“Aren’t you coming for the conversation? It is 10 minutes past 2 already.” This message from Prof. Pazhayam Jathavedan Narayanan — much better known as PJN — was alarming, made more so by the fact that Murali and I had been standing outside his office in the Centre for Visual Information Technology (CVIT) for 10 minutes. After a few minutes of searching, we found him in his Director’s office — in the academic block — where he had been awaiting us. Not the greatest of starts!
By the time we got settled in, though, he’d made us comfortable through his easygoing mood. Which was just as well, because interviewing the director of the institute alone is intimidating enough by itself. We begin with one of the oldest mysteries on campus — what his initials stand for. We then move on to other matters of great importance. One of them being, what are his views on pets? After clarifying that we mean animal pets (don’t ask), he lets us know that although he isn’t opposed to them, he never felt personally inclined towards them. The question did remind him of a particularly nervous cow that his family owned when he was a kid, who would run away at any disturbance and would have to be cajoled back home.
As the conversation drifts towards his childhood growing up in Kerala (yes, he’s Malayali), he bristles at the suggestion that it might have been the kind of rural(?) upbringing some might picture. He also mentions that he used to read a lot even when he was young. He was particularly interested in the works of Bengali authors, translated into Malayalam. “Those are never going to change!”, he chortles when asked if his favorite books are still Geetanjali by Tagore and Ashapurna Devi, 20 years after his first Ping! Interview. In fact, he was apparently so fascinated with Bengali literature that he tried to learn the language during his time at IIT Kharagpur. He was especially inspired by Satyavati, the protagonist of the trilogy who he hails as ahead of her time and a feminist icon. Another author he admires is Toni Morrison. Her work Beloved, a novel about a runaway slave woman and her struggles is another book that he finds profoundly elevating, albeit set in a completely different context.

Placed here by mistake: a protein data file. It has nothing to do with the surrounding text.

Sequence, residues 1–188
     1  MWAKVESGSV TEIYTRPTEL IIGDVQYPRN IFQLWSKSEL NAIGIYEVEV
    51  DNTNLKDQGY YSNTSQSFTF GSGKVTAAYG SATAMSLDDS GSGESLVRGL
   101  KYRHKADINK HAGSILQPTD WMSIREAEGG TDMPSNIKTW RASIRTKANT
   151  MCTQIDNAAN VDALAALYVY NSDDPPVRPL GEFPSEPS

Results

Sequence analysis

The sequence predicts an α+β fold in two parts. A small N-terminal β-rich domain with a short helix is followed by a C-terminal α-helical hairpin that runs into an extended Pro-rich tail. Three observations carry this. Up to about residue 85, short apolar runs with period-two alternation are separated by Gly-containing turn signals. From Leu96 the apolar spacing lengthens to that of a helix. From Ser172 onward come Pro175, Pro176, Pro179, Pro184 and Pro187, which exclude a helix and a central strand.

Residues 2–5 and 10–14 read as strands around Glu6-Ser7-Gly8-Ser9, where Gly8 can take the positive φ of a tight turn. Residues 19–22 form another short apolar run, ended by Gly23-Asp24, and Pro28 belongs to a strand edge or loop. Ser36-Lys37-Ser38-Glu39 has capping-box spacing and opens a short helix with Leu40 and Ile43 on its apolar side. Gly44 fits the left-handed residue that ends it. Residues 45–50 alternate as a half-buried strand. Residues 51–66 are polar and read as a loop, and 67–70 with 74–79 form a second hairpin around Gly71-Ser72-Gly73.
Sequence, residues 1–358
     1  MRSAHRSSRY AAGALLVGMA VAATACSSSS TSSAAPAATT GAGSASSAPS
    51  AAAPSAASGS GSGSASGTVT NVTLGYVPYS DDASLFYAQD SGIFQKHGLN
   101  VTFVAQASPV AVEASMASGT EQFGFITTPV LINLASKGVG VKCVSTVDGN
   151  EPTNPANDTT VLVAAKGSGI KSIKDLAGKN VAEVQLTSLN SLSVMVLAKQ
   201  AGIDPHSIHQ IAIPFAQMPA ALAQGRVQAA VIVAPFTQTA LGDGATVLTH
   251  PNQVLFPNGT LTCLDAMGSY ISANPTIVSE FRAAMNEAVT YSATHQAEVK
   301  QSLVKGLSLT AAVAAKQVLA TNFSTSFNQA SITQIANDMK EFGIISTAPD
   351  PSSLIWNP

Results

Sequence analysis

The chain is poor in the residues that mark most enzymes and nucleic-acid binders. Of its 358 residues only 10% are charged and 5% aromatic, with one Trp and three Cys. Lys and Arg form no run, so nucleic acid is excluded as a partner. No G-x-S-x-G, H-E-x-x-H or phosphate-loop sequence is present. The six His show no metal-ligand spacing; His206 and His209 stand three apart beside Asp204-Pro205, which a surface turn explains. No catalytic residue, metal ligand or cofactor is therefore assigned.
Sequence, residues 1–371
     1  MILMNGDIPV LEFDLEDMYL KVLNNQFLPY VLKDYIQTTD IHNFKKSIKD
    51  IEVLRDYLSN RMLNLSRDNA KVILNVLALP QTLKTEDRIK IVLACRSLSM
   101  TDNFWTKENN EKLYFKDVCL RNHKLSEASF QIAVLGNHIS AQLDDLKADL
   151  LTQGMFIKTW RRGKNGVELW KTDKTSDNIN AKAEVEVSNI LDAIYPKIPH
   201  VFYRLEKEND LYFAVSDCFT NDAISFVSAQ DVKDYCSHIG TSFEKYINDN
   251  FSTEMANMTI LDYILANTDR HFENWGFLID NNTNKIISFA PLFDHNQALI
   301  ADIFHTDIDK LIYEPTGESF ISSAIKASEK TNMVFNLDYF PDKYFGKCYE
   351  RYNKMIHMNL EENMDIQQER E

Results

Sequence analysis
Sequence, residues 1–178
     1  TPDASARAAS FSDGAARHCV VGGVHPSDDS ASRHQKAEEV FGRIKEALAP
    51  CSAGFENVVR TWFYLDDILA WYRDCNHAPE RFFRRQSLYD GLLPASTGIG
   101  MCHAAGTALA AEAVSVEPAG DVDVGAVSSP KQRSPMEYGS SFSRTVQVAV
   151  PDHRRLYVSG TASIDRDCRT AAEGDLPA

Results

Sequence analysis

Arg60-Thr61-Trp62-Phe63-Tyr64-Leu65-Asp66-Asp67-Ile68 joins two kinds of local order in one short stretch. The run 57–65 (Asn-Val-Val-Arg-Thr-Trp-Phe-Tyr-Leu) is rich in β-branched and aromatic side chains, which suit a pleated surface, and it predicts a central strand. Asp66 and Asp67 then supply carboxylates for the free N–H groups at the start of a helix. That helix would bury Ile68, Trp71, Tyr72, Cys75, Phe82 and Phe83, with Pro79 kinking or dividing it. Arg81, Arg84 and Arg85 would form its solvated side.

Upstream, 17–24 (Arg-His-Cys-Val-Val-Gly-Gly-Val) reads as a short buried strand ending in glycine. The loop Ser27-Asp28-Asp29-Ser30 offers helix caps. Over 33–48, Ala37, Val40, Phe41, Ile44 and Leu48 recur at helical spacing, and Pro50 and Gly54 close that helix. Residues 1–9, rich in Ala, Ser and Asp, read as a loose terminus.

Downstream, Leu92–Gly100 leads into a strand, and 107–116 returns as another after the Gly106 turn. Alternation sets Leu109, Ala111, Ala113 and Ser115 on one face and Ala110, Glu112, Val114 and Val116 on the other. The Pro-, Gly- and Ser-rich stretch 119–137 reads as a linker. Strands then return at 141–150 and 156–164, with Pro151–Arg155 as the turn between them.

Does he eat in the student messes? Not a lot, but the faculty mess gets the same food as the student mess. In his words, “This is the socialism of IIIT.” Although, it is interesting to note that the faculty mess stopped getting food from Yuktahar after some cough concerns cough some of the faculty had about the Yuktahar food being too simple for such a setting. When he does go to a student mess, it’s usually Kadamb or South. The way some students roast and defend certain messes reminds PJN of his days at IIT Kharagpur when he used to be a proud member of Rajendra Prasad Hall, where even though they had “the worst mess in the world.”, they would defend the hostel with every breath. He compares the rivalry between hostels at IITKgp to that depicted in movies like Chhichhore.
Like a lot of other people, he would rather just forget about the whole online experience. Another thing he has in common with a lot of people is thinking he would read all the books he wanted to, during the lockdown. From a teaching point-of-view, he very much prefers offline classes even if online classes provide the recording facility, because, in his opinion, a class being online changes a lot about the instructor’s teaching style and doesn’t allow proper transmission and discussion of ideas.
Since it’s been so long since he was a student and the world of education is thoroughly unrecognizable now, I asked him what he thought of the hyper-competitive high school scene these days. He doesn’t like the culture that’s fostered by the coaching industry(duh) and he’d like the students joining the institute to cleanse themselves of that mentality. He says students don’t need to try and do everything just because people around them are doing so. In his opinion, it’d be better to focus on the fields that one feels passionate about and as long as one has a coherent plan, it’s fine to merely scrape by in other areas. He even considers getting deeply interested in something: a skill — a skill you can take and apply to any number of things. It’s at this point that he restates the classic maxim about IIIT “preparing you not for your first, but for your last job.”
And that’s that. We’ve gone so far over time that the deadline we had set is but a speck in the distance. Whether it was a fruitful use of the time is left as an exercise to the reader.
Editor: Murali Bhat
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